Brussels and Asunción
By Jim Thompson
Brussels, Belgium is the capital of the European Union. Asunción, Paraguay is the capital of (you guessed it) Paraguay. There is important news from both this week, one a note of caution; the other a sigh of relief.
All of this in the context of the political world, of course.
Christine Anderson, a member of the EU Parliament, was recently interviewed by Jan Jekielek of The Epoch Times.
Anderson believes the lockdowns, QR codes and other procedures implemented during the COVID-19 pandemic were a precursor to a coming totalitarian state. She calls this coming new protocol “15-minute cities.”
“A 15-minute city” is a neighborhood where a resident can reach everything they need, like a grocery store, doctor and so forth within a 15-minute walk. According to Anderson, such cities are the beginning of tighter government control of people. The administration can exert control by deciding: “You are no longer allowed to leave your 15-minute immediate area."
They don’t have to fence it in or anything. It will be done via digital ID. This is not freedom; it is confinement.
Anderson further states, “In Great Britain [Ed. note: which is not in the EU], some counties have already passed legislation. They will be able to impose a climate lockdown. That’s the next step. That’s what we are talking about. In order to do that, they will have to have these 15-minute cities.”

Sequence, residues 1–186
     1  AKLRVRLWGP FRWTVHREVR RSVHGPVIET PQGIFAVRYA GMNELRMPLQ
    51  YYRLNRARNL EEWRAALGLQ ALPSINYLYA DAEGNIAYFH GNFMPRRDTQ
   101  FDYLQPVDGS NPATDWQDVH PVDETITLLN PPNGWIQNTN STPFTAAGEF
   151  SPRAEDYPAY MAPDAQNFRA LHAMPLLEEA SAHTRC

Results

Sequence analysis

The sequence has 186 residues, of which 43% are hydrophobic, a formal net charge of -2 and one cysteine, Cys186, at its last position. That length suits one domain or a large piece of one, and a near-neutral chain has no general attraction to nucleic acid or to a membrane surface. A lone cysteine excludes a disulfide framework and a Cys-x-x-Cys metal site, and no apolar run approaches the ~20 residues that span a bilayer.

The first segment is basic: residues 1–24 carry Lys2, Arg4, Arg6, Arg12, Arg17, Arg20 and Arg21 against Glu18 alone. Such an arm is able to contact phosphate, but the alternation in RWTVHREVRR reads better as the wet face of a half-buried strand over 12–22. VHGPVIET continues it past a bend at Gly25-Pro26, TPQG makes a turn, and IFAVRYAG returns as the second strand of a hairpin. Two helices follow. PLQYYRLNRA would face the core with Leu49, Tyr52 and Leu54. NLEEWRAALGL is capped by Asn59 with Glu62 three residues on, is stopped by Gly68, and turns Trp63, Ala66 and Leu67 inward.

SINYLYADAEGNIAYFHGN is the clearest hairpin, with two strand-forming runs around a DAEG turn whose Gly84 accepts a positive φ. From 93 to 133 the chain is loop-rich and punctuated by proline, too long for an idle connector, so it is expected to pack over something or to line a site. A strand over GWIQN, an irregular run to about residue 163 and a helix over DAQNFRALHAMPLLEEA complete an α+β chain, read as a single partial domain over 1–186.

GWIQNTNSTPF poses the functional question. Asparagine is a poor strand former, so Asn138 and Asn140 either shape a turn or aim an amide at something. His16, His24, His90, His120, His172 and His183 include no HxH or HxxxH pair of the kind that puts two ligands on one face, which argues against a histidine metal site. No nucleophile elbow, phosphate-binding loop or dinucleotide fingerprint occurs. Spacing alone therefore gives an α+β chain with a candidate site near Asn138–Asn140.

If you visit big cities here, as in even Duluth, Ga. where I live, you will notice a change in the last 10 years in how city planning is executed. Here, they are modifying or constructing downtown areas, even in small cities, as very compact areas with limited parking. Around this, they are building high-rise, typically five -story, apartment complexes, universally designed to take up a city block, with the edge of the building on the sidewalk and a parking garage filling the center of the block. There is no room for grass.
There are literally hundreds of these that have been built throughout greater Atlanta in the last five to 10 years. Travel the country and you will see this design everywhere. Its concept is facilitated through building codes and tax incentives (and disincentives).
This, of course, is an idea that can be tracked back to the World Economic Forum.
In good news, our CIA and the World Economic Forum, working in tandem, failed to install their candidate as president of Paraguay this past Sunday. The CIA had even brought their anointed candidate to a base in Florida this past winter as they groomed him for the top spot.
However, the citizens of Paraguay said no, electing Santiago Pena, not the puppet, to the office of president and carrying both federal houses of the legislature in a similar manner.
One of Paraguay’s “sins” on the global stage has been previously recognizing Taiwanese sovereignty, a condition that will continue based on the results of the election. The World Economic Forum has seen Paraguay as a key entity in launching the “Fourth Industrial Revolution” and “Great Reset” agendas in Latin America.
I was in Paraguay in 1989. It is a landlocked country, along with its neighbor, Bolivia. Paraguay shares with Brazil the ownership of the Itaipu hydroelectric project (which I also visited), now the third-largest hydroelectric dam in the world (it was number one when built, but China has built larger since then).
Since Paraguay does not need all the power produced here, much of their half, along with most of the power produced on the Brazilian side, goes to Rio de Janeiro, 500 miles away.
The WEF candidate is installed in Brazil, and they thought they could knock off Paraguay next. Thank goodness they failed.
Yes, Paraguay is important, and so are its election results.
Jim Thompson, formerly of Marshall, is a graduate of Hillsboro High School and the University of Cincinnati. He resides in Duluth, Ga. and is a columnist for The Highland County Press. He may be reached at email@example.com.